Title

Cementodentinal Tear: A Case Report With 7-Year Follow-Up

Document Type

Article

Publication Date

12-2004

Publisher

Wiley

Source Publication

Journal of Periodontology

Source ISSN

0022-3492

Original Item ID

DOI: 10.1902/jop.2004.75.12.1708

Abstract

Background: Cemental tears are an uncommon form of root fracture that can lead to rapid localized attachment loss. Typically, the separation of the fragment occurs at the cementodentinal junction. In this report, we present a case of periodontal involvement associated with a cemental tear-like fragment that proved to be a cementodentinal tear. We also review the literature on the clinical presentation of cemental tear associated periodontal lesions.

Methods: A 52-year-old male presented with acute pain on the maxillary right second premolar. Clinically, probing depth of 7 mm and inflammation were noted on the distal aspect of tooth #4. Radiographic examination revealed separation of cervical root structure on the distal aspect of the tooth, involving two-thirds of the root length. The root fragment was removed, and the localized defect was treated by open flap debridement along with scaling and root planing. The patient was then placed on a regular periodontal maintenance schedule.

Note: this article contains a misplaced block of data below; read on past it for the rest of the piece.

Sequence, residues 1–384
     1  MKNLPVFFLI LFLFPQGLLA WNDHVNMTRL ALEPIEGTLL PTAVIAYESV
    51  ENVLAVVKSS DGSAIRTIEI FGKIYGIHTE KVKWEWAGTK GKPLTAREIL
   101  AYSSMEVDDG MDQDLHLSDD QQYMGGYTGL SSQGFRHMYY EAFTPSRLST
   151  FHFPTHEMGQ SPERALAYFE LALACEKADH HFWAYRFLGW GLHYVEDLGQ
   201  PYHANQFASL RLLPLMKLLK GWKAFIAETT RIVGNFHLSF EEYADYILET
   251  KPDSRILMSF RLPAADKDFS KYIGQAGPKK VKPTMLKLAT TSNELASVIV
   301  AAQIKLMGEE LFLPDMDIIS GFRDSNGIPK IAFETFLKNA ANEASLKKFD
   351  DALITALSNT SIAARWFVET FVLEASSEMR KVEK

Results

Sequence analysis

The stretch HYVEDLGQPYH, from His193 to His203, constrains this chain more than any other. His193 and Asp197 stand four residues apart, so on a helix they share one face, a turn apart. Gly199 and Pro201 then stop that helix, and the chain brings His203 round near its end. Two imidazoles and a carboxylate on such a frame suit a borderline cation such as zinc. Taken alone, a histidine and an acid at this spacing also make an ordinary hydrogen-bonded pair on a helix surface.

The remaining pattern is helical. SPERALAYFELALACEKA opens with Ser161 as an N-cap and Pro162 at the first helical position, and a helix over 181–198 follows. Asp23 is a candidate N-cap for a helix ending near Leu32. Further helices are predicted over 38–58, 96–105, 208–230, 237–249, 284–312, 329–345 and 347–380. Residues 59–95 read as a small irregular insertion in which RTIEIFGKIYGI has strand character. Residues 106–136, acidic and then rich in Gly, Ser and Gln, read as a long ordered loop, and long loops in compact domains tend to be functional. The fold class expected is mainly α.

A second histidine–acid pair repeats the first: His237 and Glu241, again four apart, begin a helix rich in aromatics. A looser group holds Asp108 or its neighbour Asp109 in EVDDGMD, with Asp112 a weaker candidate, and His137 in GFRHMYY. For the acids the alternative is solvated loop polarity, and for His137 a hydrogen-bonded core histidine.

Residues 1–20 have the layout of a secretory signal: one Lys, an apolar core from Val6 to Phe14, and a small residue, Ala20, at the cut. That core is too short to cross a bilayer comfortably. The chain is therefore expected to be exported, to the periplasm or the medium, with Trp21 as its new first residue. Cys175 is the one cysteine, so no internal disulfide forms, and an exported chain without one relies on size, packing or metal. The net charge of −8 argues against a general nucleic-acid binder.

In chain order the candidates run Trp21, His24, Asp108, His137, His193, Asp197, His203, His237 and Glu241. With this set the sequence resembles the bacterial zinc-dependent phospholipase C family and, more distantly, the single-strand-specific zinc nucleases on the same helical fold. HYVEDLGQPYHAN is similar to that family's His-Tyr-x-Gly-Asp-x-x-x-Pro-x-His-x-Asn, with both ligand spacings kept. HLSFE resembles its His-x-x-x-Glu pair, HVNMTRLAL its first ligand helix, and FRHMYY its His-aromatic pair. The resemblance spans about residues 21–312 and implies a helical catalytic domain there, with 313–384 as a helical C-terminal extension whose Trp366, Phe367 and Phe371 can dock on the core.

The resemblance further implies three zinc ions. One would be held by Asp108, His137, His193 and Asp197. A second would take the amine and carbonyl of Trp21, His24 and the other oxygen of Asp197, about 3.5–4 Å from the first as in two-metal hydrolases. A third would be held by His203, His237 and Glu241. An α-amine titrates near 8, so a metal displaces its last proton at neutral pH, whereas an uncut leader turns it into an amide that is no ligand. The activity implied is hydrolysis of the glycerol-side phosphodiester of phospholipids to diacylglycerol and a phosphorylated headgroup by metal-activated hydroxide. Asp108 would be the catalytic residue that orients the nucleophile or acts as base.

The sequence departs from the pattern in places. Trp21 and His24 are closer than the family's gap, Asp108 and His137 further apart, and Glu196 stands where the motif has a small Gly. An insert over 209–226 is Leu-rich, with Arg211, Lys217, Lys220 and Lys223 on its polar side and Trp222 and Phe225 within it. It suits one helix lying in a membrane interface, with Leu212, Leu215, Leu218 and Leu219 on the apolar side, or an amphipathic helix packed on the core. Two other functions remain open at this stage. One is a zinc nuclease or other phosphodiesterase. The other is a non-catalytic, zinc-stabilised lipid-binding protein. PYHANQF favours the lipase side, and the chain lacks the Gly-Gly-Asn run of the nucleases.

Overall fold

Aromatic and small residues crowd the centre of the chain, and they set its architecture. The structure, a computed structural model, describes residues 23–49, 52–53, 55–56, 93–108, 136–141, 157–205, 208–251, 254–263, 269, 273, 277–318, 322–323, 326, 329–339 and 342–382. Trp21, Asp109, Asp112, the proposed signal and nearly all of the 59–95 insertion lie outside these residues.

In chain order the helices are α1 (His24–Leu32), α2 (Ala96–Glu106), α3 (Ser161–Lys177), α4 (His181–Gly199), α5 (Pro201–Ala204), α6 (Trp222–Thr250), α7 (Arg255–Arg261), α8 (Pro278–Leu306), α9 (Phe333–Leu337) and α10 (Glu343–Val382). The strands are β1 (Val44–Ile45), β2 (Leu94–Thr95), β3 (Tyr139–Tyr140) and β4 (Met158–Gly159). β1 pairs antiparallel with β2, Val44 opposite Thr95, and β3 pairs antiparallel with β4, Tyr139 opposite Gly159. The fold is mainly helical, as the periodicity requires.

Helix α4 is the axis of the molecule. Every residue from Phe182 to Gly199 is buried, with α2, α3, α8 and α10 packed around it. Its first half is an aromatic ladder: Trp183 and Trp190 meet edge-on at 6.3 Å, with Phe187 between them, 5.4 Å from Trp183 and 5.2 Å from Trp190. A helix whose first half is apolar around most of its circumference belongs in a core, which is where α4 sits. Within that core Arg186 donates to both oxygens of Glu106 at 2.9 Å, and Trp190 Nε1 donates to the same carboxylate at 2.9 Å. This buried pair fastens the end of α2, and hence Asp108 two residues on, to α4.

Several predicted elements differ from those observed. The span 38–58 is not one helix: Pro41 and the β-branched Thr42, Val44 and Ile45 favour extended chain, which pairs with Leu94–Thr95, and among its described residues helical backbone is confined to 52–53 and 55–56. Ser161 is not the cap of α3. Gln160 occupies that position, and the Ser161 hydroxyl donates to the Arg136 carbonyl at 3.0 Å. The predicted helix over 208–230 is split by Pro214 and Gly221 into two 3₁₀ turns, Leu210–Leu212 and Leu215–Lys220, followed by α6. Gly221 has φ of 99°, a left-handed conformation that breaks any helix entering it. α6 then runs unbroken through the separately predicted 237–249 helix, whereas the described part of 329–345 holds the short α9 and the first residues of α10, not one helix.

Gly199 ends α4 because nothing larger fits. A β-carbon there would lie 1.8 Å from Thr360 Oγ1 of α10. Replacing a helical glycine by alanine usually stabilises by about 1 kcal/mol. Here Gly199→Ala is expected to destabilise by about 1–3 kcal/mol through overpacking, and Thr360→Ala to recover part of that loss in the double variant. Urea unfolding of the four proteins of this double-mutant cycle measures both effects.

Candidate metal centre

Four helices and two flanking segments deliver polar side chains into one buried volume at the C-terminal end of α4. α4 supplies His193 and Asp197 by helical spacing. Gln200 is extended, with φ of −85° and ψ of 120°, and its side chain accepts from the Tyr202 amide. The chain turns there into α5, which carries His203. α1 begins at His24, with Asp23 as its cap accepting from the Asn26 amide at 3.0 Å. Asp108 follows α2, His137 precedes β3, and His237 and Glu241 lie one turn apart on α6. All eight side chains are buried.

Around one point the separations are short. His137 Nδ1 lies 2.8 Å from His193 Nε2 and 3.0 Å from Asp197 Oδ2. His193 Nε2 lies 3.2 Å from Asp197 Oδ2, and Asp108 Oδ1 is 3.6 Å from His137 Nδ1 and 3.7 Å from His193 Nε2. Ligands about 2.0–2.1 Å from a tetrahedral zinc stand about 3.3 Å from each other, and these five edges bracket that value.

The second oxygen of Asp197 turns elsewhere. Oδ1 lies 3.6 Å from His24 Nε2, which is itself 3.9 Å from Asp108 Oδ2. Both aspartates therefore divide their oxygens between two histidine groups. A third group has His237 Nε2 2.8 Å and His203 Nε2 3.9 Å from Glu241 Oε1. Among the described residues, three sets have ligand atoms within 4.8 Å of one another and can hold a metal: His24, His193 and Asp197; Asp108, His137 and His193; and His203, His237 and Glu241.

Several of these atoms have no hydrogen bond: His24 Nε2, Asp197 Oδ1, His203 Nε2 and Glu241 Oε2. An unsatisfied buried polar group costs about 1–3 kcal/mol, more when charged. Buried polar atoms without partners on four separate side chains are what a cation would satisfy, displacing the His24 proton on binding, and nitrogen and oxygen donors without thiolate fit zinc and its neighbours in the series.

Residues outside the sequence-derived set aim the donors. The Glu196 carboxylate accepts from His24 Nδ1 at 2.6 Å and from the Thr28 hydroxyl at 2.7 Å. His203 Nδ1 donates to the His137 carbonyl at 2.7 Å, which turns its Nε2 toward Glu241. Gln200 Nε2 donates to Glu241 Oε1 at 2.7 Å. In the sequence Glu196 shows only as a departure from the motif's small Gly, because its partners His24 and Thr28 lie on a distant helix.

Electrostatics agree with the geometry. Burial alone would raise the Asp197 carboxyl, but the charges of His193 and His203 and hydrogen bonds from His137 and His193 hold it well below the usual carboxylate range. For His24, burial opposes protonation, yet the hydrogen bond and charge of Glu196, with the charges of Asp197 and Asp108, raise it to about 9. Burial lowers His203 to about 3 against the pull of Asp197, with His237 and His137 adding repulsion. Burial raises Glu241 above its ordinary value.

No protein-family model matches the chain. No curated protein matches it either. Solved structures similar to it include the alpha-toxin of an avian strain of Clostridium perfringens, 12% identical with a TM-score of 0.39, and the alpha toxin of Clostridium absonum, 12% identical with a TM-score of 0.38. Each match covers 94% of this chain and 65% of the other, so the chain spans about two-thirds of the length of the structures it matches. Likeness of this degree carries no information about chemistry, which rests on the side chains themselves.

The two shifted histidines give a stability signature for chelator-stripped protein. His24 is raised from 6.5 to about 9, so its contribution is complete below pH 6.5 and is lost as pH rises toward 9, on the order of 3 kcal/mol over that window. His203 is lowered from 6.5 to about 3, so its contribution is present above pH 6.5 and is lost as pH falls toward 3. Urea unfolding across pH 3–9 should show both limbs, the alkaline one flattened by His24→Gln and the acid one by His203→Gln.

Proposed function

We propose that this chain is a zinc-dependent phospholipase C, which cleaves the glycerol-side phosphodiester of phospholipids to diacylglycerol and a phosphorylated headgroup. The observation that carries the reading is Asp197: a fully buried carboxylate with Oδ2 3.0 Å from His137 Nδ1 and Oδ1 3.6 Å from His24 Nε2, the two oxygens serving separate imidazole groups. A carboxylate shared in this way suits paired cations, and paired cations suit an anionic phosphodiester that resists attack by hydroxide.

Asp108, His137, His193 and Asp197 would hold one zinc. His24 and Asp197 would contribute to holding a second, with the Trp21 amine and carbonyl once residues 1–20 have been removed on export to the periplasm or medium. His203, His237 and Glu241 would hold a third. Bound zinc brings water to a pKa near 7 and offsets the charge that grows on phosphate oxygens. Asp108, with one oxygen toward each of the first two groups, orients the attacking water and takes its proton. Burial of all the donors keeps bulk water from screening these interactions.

Results: A postoperative probing depth of 2 mm with 1 mm recession was recorded at 3 months, and maintained for 7 years. Histological examination indicated that the detached root fragment contained dentin with overlying acellular cementum and associated periodontal ligament tissue. The fragment was estimated to represent as much as 20% of the total root surface area.

Conclusion: Moderate to severe periodontal attachment loss associated with cemental or cementodentinal tears, even ones constituting a significant portion of the root surface, can be successfully treated with conventional periodontal surgical procedures and maintained long term with a proper maintenance regimen.

Comments

Journal of Periodontology, Vol. 75, No. 12 (December 2004): 1708-1713. DOI.

Share

COinS